Bountiful Utah Temple by tephdra
Anyone who has seen an LDS Temple at night can confirm its beauty and how it stood out as a "light to the world". Unfortunately, this literal interpretation of scripture has a significant downside which many are unaware of. It's called light pollution, and is a global problem that provides the Church a wonderful opportunity to take a leading role and set an example to the world of its concern for the environment. One building may seem like a small gesture, but taking into account how the Church lights the thousands of Temples and Chapels around the world, and this represents a significant issue. Does our symbolic need to be a light to the world outweigh our damage to the environment and waste of energy?
There are various forms of light pollution - Light trespass is unwanted light spilling onto others property. Over-illumination is the excessive use of light. Glare is caused when there is high contrast between bright and dark areas in your field of view. And sky glow is what happens typically at the scale of a city or metropolis.
Ways to reduce light pollution include improved fixtures, adjusted light sources, redesigned lighting plans, use of timers, etc. In this and other ways, lighting can be used more efficiently and with less waste.
Additionally, the Church is starting to use LED strings of Christmas lights for some of its holiday light shows. The Deseret News reported that Temple Square is beginning to use LED strings. And the Washington Post stated, “The Festival of Lights at the Mormon Temple in Kensington has replaced more than three-fourths of its half-million lights and hopes to finish the rest next year.” While they may cost slightly more than standard Christmas lights, they are cool to the touch, use only 10% of the energy of a standard incandescent bulb, and are virtually indestructible, lasting for many years. If you are interested for your home you can check out http://www.holidayleds.com/.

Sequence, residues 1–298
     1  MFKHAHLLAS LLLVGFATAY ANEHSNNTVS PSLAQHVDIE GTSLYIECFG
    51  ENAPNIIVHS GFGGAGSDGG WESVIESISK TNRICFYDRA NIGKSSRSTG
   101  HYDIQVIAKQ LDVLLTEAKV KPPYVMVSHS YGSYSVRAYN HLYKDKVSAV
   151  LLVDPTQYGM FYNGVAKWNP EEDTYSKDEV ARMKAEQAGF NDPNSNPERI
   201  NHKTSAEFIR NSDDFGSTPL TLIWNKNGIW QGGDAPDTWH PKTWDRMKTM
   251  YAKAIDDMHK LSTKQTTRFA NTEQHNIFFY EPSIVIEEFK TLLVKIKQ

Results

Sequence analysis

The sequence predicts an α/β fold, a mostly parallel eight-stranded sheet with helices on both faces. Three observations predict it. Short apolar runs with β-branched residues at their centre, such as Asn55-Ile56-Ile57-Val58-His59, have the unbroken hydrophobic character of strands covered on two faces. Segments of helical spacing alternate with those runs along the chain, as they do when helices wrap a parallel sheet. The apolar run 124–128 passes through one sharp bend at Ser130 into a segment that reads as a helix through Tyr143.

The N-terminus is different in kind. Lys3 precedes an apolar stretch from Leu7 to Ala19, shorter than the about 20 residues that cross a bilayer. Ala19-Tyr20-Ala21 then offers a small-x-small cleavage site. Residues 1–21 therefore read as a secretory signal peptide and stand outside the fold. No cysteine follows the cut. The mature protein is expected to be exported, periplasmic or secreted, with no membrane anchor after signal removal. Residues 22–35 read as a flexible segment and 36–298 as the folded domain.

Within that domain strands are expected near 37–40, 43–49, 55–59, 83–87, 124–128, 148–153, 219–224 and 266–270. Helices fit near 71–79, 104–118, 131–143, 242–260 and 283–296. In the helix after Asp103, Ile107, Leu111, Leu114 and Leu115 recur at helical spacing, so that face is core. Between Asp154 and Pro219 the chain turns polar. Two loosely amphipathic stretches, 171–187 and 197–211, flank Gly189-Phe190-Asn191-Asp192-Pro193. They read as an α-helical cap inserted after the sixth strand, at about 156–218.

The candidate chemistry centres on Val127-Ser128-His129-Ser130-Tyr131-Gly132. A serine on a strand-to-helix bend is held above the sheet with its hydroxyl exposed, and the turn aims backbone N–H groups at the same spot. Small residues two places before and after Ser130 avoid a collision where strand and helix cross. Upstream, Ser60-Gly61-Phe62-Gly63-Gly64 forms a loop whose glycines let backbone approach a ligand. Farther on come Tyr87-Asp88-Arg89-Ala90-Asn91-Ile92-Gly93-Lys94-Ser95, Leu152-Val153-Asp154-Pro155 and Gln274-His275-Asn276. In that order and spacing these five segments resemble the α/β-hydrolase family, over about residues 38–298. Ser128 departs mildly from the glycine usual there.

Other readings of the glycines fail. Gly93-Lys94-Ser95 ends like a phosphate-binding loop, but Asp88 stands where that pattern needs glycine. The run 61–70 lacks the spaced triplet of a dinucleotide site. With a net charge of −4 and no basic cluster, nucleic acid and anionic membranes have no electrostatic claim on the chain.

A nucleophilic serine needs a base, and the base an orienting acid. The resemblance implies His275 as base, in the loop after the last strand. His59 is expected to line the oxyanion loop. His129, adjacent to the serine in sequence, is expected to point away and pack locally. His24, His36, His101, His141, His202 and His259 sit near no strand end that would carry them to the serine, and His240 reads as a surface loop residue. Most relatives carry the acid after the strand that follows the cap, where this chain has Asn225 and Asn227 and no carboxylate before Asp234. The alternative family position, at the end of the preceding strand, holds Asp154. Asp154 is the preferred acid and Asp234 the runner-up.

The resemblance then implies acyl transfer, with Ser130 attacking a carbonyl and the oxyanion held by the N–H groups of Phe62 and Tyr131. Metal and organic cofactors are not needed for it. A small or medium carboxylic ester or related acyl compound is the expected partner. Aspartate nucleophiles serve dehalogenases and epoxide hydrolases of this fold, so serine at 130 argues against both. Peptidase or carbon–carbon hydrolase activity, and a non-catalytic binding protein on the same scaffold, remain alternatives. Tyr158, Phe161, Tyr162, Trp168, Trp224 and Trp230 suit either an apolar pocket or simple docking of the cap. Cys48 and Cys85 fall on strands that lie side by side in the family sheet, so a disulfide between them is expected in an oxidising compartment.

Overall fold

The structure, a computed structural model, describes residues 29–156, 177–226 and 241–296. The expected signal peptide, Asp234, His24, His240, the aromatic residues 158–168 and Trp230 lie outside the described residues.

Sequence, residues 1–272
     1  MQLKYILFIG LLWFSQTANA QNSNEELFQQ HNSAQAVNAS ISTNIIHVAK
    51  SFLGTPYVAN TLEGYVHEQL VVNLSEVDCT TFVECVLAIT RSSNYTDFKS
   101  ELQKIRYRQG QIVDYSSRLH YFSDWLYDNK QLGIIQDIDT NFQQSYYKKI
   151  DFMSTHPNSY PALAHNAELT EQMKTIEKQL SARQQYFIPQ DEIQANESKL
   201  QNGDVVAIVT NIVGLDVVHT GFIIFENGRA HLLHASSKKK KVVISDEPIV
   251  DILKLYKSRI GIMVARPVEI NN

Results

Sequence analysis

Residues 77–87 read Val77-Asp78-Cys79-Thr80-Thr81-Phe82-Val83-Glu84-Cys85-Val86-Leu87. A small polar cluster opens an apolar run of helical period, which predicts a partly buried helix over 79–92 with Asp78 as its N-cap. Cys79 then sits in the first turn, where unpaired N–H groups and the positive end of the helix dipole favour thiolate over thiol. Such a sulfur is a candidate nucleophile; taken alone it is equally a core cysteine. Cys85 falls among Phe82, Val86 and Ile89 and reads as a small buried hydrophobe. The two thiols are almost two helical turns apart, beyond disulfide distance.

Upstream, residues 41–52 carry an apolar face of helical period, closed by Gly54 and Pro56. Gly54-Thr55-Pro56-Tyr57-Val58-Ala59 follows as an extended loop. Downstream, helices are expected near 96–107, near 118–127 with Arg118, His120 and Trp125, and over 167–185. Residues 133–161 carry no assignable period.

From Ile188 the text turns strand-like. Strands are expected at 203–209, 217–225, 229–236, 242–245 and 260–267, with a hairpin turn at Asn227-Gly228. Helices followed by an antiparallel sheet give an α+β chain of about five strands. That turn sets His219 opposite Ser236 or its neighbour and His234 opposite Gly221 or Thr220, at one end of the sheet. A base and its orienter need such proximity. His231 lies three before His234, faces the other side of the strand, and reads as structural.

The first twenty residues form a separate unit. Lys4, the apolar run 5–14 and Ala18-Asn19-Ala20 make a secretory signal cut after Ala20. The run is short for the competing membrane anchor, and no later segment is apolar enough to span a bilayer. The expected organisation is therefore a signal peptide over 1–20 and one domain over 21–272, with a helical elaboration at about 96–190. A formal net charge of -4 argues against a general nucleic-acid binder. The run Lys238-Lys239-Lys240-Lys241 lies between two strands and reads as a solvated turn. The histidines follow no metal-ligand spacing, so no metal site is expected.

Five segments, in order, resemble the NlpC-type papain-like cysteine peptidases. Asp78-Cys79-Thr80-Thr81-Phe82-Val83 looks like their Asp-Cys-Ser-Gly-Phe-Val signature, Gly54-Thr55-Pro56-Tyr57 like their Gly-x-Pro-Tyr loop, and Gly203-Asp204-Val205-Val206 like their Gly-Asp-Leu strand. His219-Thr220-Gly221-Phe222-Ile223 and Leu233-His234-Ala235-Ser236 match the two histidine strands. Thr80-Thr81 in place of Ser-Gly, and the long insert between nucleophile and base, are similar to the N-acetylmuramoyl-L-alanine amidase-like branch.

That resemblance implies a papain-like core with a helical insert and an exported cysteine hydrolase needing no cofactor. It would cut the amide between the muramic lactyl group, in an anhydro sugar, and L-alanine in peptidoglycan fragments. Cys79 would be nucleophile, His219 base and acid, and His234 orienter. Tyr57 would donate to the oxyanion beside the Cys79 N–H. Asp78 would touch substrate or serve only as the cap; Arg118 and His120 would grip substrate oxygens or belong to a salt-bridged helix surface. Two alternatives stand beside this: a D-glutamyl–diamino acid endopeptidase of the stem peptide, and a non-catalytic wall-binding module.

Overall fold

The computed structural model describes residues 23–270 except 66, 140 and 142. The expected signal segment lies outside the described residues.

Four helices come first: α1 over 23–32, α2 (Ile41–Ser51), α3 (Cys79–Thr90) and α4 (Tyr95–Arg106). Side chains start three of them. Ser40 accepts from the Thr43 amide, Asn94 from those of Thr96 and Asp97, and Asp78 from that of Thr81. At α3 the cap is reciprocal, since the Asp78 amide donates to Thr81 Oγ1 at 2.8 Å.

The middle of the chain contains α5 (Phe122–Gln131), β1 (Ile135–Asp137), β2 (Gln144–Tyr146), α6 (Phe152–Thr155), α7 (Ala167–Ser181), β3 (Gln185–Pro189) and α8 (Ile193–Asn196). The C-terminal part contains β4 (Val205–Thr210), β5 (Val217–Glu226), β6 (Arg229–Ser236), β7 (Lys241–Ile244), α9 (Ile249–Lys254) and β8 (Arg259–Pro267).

Probably more urgent than energy consumption, though, is the affect light pollution has on the surrounding environment. The main concern appears to be the disruption of nocturnal animals and migrating birds. This also begs for an increased density in our cities, rather than spreading out endlessly, but that is another discussion. Both birds and reptiles are at risk according to this National Geographic article. And the article, Is light pollution killing our birds? talks about how we are killing off the insects which many bird species rely on.
A Science News article by Ben Harder states, "A few trees that fail to show fall colors, or extra moths that become bat food aren't necessarily going to catalyze public opinion against light pollution." "However", says Kenneth D Frank, "when people consider that disturbing one component of an ecosystem may have ramifications for many other organisms, the case for reducing light pollution begins to look more compelling."
Harder concludes, "There are other signs that light pollution is entering public awareness. To commemorate the victims of the terrorist attacks, New York City beamed two pillars of light into the Manhattan sky from the former site of the World Trade Center. The memorial fomented some concern about its effects on spring bird migrations. Fortunately, the memorial's architects had taken ecological effects into account. After consulting the city's Audubon Society about peak migration times, they scheduled it to shut off each night at 11 p.m. and to operate only through April 13."
So it appears that there are ways to be a light to the world without also damaging the environment at the same time. All it requires is knowledge and action.
International Dark-Sky Association - Utah Section
Great images of light pollution
09 January 2008
Bountiful Utah Temple by tephdra
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